# [texhax] syllabus (fwd)

Philip TAYLOR P.Taylor at Rhul.Ac.Uk
Fri Oct 1 16:13:11 CEST 2004


tom sgouros wrote:

> I'm not sure the original question has been answered well.
>
> How about just to say that TeX is all about putting letters on pages
> and LaTeX is all about putting paragraphs into documents?
>
> TeX is designed to make typesetting work well.  It knows how to
> justify a paragraph and set an equation, but that's about as
> high-level as it gets.  You don't ask for a heading in TeX, you just
> make the type bigger or bold.

With respect, I disagree.  If you are using TeX properly (as opposed
to using it naively), then you most certainly /do/ "ask for a heading
in TeX".  Whether you do this through

or

or

<H1> ... </H1>

is entirely up to you (I use the last form, but that's just a personal
preference).  It is then your responsibility, as the TeX user /cum/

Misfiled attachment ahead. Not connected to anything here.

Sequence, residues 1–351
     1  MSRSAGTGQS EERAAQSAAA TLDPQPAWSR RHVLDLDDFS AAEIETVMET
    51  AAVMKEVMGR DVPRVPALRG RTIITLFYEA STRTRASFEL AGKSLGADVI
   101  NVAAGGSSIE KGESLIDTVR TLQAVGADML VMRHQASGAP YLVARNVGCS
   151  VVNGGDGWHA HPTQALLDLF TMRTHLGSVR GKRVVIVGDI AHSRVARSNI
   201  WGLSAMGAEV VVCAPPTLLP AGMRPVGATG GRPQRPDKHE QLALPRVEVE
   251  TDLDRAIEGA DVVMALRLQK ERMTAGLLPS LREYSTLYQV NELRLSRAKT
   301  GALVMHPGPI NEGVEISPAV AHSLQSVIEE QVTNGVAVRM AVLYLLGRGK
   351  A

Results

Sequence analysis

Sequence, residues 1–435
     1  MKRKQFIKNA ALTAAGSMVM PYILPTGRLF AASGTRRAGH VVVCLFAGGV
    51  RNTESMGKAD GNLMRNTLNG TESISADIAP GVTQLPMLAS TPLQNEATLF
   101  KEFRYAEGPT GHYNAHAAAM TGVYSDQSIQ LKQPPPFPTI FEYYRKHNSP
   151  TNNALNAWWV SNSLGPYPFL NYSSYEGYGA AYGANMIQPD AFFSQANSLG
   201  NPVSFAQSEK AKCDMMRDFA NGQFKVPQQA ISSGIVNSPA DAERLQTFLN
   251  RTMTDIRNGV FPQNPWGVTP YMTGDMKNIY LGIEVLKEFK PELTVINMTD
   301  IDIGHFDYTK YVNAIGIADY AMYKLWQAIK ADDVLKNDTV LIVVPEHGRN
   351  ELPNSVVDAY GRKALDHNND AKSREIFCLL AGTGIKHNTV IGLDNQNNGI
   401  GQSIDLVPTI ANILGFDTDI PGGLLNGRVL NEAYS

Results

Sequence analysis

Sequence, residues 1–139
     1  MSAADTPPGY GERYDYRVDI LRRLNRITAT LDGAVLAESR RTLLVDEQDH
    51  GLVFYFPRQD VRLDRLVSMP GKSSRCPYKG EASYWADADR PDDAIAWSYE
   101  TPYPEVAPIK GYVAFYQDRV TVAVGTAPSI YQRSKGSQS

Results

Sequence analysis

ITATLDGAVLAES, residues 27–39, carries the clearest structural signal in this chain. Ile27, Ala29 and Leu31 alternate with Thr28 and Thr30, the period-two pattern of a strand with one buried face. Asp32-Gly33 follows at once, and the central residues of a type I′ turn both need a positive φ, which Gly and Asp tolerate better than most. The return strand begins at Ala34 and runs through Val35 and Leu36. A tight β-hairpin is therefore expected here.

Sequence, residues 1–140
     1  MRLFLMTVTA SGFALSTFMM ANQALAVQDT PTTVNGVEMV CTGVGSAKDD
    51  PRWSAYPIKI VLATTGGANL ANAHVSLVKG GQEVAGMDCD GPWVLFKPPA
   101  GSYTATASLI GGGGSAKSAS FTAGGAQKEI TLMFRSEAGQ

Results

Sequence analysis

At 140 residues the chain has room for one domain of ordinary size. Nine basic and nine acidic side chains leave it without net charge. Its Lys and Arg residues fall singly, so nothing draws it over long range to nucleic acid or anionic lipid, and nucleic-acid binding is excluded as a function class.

programmer, to ensure that

\Heading or \Begin ... \End or <H1> ... </H1>

is appropriately defined and robust.

What LaTeX does is to provide such commands /without/ requiring
that you define them for yourself.  Unfortunately it does so
in such a way that if you /like/ how it typesets headings,
then it's fine; if you /dislike/ how it typesets them, then
it can be pretty tedious (and difficult) to work out how to
make them look good to you.

On the other hand, if you choose to define

\Heading or \Begin ... \End or <H1> ... </H1>

for yourself, using a (Plain) TeX environment, then you will not
only know, a priori, what the typeset heading will look like,
you will also know exactly how to change your definition if
you would prefer it to look different.

TeX v. LaTeX is basically horses for courses; if you like LaTeX,
and like the results it produces, then use it; if you dislike LaTeX,
or dislike the results it produces, then define your own high-level
markup and use that instead.  But don't /ever/ write something like

\topglue 1,0 true in
\leftline {\font \thisfont = cmbx12 scaled \magstep 4 \thisfont My very first heading!}
\vskip 0,2 in
\leavevmode \hskip 0,3 in And this is my very first paragraph.
\par
\end

because that is the very worst of both worlds ...

** Phil.